Illustration results for luke 2
2 Corinthians 3:13-3:18
1 Peter 1:1-1:9
2 Chronicles 7:1-7:4
1 Peter 1:4-1:4
2 Peter 1:4-1:4
1 Peter 1:22-1:22
1 John 2:2-2:2
2 Peter 1:3-1:11
2 Thessalonians 2:1-2:4
2 Corinthians 3:1-3:11
1 Kings 17:1-17:7
2 Timothy 1:3-1:5
1 John 4:7-4:12
1 John 5:1-6:12
1 John 5:1-5:12
1 John 5:10-5:12
1 Corinthians 13:1-13:7
2 Samuel 7:12-7:16
1 Corinthians 9:19-9:34
1 Corinthians 9:19-9:23
2 Timothy 3:10-3:17
1 Timothy 6:19-6:19
1 John 1:1-1:10
2 Chronicles 1:6-1:12
1 Peter 1:18-1:23
2 Samuel 9:6-9:13
1 John 5:14-5:15
In a speech made in 1863, Abraham Lincoln said, "We have been the receipients of the choicest bounties of heaven; we have been preserved these many years in peace and prospertiy; we have grown in numbers, wealth, and power as no other nation has ever grown. But we have forgotten God. We have forgotten the gracious hand which preserved us in peace and multiplied and enriched and strengthened us, and we have vainly imagined, in the deceitfulness of our hearts, that all these blessings were produced by some superior wisdom and virtue of our own. Intoxicated with unbroken success, we have become too self-sufficient to feel the necessity of redeeming and preserving grace, too proud to pray to the God that made us."
Sometime ago a man who was Pastor in a large church, very successful in everything he did except one thing – the most important thing. He was failing in his marriage. The reason was, because his wife could see through him. She knew what he was really like. Not what he was like up in the pulpit, but at home. That’s where it counts. This man had written many books, served on one of the presidents staff, and from start to finish was successful except, in his own home. He knew a lot of the truth of the Word as shared here and his pastoral counselor was becoming very frustrat-ed because they weren’t making any progress. So in praying, the counselor asked the Lord, “What’s standing in the way of this man’s being broken?” The next day as they discussed that very subject, he said, “Jesus was made of no reputation, how would you like to be made of no reputation? “NO!” he said! “Why not?” He responded, “I’ve spent my whole life trying to make something out of myself.” Then he remembered he was born in a little town in the South where his Dad was the town drunk. And he was embarrassed as a child for time and time again he and his mother would go to the bars and get Dad and bring him home. He vowed as a little boy that he would restore the family name and he did. But he was failing in his marriage. And when he began to realize that he had to be made of no reputation, just as Jesus was, he got on his knees, humbled himself, and agreed -- surrendering his right.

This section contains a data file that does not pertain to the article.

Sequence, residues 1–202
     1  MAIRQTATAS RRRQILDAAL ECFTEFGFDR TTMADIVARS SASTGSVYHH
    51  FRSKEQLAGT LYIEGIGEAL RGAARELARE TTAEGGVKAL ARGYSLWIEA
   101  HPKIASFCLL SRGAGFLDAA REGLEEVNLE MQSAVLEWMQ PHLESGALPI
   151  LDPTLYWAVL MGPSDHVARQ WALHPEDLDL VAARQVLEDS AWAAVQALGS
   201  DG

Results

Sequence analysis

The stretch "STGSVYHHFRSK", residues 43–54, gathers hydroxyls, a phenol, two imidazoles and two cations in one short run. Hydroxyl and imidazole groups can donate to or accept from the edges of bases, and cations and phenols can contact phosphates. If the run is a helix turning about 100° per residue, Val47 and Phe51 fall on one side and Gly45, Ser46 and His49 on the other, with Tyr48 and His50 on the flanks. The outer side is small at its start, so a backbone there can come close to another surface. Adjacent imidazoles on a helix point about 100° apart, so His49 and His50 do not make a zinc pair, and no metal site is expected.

YOU KNOW CHRISTMAS IS ALMOST HERE WHEN:
10) There are more pine needles on your carpet than on your tree
9) The credit card is smoked along with the turkey and ham.
8) It’s A Wonderful Life has been shown for the 13th time
7) A trip to the mall and back is more challenging then the Indy 500
6) The Salvation Army bell ringers start accepting credit cards
5) You are pulling an all-nighter because of the words
"Some Assembly Required"